"To argue with a person who has renounced the use of reason is like administering medicine to the dead" - Thomas Paine

vinasp
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Re: The Work of Venerable Ñānavīra Thera

Postby vinasp » Thu Jan 12, 2012 11:57 am

Hi everyone,

I will now attempt to substantiate claim 5, that Ven. Nanavira has misunderstood
the six spheres. Consider the following:

" By the utter detachment from, and the cessation of the six spheres of
contact, there comes to be the cessation, the allayment, of prolific
conceptualisation."

From AN II 161 ( Pali ) Translated on page 21 of Concept and Reality by
Ven. Nanananda.

Why is it hard to understand that the six spheres cease? It is because we have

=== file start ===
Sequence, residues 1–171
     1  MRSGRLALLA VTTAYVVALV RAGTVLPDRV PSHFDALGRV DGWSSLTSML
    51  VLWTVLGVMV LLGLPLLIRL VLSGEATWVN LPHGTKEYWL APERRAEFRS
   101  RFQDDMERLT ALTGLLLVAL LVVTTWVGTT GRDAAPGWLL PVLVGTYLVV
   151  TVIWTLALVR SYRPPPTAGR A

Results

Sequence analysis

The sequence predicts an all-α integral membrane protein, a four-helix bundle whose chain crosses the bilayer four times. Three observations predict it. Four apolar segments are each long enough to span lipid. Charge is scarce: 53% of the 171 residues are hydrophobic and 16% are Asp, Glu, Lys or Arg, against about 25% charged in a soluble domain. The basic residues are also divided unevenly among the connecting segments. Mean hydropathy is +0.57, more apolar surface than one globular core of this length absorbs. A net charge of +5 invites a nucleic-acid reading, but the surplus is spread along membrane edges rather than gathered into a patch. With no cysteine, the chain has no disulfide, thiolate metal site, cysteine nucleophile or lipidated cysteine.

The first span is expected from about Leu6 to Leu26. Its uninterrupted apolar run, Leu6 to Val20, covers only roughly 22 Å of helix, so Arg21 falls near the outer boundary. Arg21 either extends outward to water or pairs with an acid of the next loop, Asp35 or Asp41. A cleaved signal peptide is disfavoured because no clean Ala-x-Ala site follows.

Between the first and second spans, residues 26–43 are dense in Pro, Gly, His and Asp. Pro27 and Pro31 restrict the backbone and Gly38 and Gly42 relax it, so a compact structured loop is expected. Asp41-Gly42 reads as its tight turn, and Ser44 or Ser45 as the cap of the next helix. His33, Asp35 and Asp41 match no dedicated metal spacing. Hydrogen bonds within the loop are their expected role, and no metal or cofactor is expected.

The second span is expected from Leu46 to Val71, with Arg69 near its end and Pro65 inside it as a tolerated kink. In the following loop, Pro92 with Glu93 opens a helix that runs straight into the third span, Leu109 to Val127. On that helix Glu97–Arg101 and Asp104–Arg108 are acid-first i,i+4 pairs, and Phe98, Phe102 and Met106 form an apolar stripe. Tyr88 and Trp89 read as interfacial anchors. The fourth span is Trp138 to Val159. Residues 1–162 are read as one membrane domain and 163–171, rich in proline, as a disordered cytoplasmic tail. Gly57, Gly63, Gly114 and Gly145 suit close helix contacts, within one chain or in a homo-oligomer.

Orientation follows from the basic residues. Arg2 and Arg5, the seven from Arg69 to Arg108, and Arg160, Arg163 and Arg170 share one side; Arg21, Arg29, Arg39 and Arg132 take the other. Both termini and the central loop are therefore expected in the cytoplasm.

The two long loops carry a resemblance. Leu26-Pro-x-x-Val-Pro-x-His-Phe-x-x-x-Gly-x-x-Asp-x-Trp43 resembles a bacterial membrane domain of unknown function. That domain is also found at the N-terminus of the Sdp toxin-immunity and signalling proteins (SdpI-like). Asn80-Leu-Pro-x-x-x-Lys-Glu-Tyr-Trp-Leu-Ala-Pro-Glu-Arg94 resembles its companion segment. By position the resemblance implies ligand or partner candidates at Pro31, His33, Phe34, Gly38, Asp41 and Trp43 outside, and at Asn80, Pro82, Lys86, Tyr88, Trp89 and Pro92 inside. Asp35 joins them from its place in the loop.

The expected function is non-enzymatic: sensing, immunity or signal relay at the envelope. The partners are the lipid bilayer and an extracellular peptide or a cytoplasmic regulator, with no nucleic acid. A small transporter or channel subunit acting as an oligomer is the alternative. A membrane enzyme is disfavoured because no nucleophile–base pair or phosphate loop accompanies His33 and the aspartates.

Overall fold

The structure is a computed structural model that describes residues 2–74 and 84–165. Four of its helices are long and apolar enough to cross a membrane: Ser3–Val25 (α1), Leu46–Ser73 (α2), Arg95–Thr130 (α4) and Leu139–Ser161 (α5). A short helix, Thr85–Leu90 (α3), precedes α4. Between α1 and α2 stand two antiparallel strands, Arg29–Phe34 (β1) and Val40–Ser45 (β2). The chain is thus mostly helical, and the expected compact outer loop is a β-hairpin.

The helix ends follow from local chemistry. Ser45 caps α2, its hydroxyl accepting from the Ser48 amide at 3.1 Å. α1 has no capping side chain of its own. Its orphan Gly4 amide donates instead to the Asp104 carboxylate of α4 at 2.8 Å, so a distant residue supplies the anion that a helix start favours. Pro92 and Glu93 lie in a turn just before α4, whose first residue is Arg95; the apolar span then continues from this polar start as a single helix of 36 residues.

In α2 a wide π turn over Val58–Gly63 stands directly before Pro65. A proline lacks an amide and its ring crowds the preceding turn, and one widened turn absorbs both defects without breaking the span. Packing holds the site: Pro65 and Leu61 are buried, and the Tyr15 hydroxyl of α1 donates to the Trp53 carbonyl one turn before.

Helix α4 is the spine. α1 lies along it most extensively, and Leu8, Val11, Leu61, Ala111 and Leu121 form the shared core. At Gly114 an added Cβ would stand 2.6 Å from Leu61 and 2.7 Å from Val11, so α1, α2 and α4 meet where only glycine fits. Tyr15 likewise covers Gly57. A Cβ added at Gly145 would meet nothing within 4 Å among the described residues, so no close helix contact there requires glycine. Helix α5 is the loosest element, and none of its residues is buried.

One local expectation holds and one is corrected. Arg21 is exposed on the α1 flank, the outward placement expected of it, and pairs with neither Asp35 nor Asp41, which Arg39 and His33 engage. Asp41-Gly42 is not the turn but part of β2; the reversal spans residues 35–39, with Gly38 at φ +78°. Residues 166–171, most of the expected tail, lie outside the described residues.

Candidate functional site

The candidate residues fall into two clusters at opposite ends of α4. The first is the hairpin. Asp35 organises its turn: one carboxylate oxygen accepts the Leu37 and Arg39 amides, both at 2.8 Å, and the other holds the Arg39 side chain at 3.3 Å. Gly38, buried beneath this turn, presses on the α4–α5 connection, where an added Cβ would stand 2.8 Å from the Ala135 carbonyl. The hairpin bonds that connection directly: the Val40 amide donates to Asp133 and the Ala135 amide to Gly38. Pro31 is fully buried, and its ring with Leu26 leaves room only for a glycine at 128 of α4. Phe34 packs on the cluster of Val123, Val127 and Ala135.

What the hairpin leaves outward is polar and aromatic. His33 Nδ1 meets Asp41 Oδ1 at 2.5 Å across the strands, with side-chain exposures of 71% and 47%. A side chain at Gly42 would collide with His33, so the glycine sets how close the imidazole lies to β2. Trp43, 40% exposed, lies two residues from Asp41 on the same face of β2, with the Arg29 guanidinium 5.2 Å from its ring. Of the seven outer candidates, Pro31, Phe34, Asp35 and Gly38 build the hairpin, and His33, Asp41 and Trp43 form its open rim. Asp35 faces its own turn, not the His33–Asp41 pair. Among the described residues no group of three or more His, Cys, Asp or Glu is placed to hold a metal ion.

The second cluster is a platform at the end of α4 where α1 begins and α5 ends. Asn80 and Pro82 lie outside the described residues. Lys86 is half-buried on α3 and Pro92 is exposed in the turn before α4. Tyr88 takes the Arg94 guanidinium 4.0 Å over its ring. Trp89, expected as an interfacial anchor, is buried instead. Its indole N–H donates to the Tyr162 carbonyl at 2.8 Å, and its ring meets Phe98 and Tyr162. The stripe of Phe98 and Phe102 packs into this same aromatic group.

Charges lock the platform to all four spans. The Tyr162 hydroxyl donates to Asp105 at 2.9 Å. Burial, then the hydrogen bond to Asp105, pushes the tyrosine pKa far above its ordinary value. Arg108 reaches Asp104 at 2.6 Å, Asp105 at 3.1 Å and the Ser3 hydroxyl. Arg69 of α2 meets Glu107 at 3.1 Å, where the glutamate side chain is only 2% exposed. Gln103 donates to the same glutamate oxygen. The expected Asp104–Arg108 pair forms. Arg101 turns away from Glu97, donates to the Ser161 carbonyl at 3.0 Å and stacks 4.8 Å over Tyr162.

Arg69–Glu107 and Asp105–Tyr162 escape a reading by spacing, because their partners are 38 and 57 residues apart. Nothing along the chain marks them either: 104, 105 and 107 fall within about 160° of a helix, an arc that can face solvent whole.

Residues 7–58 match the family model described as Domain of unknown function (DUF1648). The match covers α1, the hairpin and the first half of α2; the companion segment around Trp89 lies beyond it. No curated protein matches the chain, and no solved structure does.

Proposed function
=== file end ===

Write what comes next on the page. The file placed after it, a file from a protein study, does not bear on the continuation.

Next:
misunderstood what the six spheres are. They may not be the actual six senses.
It is true that they are said to be "the world" but this "world" (loka) is
also said to cease. [ it may not be the external world ]

" Where there is no eye, Samiddhi, no forms, no eye-consciousness, no
things to be cognized by eye-consciousness, there the world does not
exist nor any description of the world." [ SN 35.68 ]

Please note that "eye-consciousness" may not mean seeing.

" It is, friend, in just this fathom-high carcass endowed with
perception and mind that I make known the world, the origin
of the world, the cessation of the world, and the way leading
to the cessation of the world." Rohitassa SN 2.26

By understanding the six spheres as being the actual six senses, Ven.
Nanavira fails to see how they can cease for an arahat. What has been
constructed is "self-and-world". Cessation of the "world" occurs with
the cessation of ( the view of ) self. Another way to understand this